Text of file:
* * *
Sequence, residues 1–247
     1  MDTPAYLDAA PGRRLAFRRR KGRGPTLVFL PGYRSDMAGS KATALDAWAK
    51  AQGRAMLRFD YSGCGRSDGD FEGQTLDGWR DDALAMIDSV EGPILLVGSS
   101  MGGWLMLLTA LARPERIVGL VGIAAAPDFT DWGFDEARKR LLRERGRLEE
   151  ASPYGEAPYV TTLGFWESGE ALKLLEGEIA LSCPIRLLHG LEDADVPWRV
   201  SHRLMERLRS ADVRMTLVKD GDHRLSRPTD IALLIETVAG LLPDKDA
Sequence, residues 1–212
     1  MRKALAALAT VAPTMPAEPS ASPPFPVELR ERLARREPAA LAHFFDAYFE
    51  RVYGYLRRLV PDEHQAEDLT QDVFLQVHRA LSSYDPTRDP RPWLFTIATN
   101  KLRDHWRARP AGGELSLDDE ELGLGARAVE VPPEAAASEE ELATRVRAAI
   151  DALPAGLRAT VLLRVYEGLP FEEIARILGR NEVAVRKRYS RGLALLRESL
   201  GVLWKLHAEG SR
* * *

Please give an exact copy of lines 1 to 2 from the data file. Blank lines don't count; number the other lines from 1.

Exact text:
Sequence, residues 1–247
     1  MDTPAYLDAA PGRRLAFRRR KGRGPTLVFL PGYRSDMAGS KATALDAWAK